por Lisa Chamoff
, Contributing Reporter | September 18, 2019
“Machine learning can make doctors more efficient and treatment safer by reducing the risk of error,” Reddy said in a statement announcing the results. “It has the potential for influencing all aspects of radiation oncology today — anything where a computer can look at data and recognize a pattern.”
The limits of AI
Despite the promise of machine learning to impact care, some experts cast doubt on the ethics of using patient information for machine learning.
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During his keynote, David Magnus, the Thomas A. Raffin professor of Medicine and Biomedical Ethics and professor of pediatrics and medicine at Stanford University, talked about the ethics of sharing de-identified data with third parties without consent.
“We need to think about a new model of data stewardship, recognizing the duties to protect patients and the data entrusted to their providers,” Magnus said.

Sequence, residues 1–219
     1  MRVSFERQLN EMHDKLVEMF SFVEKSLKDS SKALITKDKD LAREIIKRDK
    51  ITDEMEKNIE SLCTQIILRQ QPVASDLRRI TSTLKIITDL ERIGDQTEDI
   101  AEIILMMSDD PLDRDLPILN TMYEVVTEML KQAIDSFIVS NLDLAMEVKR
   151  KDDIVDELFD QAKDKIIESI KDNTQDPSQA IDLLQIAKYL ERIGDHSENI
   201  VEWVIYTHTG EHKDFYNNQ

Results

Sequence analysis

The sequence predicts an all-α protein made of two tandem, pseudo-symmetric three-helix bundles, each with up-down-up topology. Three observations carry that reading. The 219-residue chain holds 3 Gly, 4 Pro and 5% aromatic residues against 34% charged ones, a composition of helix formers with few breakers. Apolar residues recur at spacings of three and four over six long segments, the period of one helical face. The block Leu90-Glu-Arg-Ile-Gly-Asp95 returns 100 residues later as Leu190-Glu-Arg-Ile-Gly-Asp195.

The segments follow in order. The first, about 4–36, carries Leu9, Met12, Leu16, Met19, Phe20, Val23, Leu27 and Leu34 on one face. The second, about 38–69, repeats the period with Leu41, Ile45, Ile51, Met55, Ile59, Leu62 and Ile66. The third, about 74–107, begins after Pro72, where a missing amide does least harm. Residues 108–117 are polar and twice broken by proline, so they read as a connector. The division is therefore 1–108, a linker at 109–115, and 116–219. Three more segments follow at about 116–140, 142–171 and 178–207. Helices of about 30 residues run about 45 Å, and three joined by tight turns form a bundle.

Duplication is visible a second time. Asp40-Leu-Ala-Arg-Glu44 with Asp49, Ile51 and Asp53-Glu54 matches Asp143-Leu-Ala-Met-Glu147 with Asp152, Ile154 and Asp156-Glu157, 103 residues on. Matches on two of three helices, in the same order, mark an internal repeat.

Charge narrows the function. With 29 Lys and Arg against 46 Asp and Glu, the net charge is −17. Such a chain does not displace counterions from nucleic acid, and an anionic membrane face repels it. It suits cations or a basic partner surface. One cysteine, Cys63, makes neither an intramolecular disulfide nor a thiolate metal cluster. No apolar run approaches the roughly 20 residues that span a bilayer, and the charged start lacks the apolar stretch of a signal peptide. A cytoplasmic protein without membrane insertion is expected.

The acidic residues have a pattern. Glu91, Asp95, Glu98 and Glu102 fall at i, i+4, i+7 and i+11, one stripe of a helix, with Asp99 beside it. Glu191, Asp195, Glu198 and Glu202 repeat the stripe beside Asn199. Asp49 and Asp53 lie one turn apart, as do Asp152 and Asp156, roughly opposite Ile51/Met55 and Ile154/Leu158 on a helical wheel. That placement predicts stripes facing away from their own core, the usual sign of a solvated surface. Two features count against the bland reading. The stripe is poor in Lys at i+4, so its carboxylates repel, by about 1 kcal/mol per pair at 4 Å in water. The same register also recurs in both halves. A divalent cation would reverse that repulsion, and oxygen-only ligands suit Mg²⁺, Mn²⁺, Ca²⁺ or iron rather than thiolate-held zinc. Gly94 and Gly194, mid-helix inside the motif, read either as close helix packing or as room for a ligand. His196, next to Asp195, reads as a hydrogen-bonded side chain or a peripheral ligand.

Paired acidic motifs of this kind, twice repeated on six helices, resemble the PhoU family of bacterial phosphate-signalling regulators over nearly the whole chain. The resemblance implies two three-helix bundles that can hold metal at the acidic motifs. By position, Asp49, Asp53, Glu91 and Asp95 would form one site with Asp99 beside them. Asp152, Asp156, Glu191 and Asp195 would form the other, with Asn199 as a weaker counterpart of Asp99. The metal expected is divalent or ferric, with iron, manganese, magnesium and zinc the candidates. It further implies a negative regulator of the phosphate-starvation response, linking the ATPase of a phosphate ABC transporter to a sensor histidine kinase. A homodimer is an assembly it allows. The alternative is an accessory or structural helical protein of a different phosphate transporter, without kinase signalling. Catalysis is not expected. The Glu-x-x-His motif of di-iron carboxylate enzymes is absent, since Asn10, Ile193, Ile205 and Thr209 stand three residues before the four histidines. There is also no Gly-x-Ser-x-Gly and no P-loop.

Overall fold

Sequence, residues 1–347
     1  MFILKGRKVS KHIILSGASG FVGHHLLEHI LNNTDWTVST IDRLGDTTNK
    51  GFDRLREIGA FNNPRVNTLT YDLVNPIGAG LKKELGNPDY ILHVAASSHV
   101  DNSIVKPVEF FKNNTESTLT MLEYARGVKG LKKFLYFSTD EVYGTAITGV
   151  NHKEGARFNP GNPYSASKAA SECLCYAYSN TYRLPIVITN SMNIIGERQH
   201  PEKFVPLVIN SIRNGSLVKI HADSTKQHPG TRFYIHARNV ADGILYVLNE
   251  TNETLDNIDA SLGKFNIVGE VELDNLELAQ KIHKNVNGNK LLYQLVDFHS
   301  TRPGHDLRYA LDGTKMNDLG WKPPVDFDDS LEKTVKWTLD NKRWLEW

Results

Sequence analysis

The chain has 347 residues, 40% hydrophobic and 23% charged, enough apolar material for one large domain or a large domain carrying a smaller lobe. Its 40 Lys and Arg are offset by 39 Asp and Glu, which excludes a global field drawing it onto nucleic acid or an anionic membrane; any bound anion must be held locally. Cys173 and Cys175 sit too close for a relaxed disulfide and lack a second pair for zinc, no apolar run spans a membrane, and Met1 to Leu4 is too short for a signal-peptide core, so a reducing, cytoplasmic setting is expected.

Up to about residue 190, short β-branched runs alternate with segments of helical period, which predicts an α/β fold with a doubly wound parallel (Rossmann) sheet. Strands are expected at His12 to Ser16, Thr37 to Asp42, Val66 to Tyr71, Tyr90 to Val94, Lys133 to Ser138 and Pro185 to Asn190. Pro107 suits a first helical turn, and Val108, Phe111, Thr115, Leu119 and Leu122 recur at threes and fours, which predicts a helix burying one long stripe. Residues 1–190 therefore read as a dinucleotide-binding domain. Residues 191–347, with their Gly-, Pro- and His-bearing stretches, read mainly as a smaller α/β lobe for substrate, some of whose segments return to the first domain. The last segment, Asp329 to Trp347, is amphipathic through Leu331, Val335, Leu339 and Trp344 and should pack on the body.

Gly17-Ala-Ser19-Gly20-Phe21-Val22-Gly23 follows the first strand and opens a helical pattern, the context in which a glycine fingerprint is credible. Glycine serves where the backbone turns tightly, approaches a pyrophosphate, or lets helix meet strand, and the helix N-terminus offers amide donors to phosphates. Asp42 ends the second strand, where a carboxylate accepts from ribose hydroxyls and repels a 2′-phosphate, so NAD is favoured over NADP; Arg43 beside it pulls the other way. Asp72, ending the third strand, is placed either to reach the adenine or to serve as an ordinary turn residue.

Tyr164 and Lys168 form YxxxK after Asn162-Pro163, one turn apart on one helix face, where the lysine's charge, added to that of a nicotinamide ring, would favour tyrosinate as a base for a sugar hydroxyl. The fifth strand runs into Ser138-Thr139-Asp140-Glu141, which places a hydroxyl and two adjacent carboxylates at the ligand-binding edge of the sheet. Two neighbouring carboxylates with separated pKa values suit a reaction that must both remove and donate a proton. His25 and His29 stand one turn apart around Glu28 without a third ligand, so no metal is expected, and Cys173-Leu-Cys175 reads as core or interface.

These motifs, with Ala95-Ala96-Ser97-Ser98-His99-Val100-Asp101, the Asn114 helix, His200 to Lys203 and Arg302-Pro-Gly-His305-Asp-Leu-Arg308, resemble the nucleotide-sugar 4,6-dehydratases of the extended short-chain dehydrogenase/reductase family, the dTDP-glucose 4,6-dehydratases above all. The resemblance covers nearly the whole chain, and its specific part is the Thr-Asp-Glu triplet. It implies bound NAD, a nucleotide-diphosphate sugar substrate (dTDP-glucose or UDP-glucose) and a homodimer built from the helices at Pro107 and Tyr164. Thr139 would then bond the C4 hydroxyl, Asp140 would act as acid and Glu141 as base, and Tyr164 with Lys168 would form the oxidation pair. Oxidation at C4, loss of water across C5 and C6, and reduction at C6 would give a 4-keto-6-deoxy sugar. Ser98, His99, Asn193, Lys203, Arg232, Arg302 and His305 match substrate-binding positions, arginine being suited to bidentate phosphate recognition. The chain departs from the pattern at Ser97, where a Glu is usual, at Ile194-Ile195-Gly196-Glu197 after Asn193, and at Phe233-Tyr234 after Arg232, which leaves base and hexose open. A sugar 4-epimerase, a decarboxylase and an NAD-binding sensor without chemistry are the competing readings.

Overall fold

Magnus also warned that use of AI can be limited when data that is missing from underrepresented populations, which can reinforce the existing biases in current clinical practice.
While there were a few more education sessions about AI, flash therapy was also a popular buzzword at ASTRO this year.
The technology is still in the research and exploration phase, with Thomas Schmid of Klinikum Rechts der Isar in Munich, Germany, speaking about results from laser-accelerated proton irradiations during an education session.
Varian also promoted its ProBeam 360° proton therapy system — the company announced at the show that the small-footprint system was now available in a multi-room configuration — which it says provides customers with a pathway to flash therapy.
Working on workflow
Improving workflow continues to be a key part of new radiation therapy planning tools.
Philips continued to promote its IntelliSpace Radiation Oncology system that it unveiled in April at the European Society of Radiation & Oncology 2019 Annual Meeting in Milan, Italy.
The product is designed to integrate patient data from various sources into the planning software, which Ardie Ermers, general manager of radiation oncology at Philips, told HCB News would allow treatment to start earlier.
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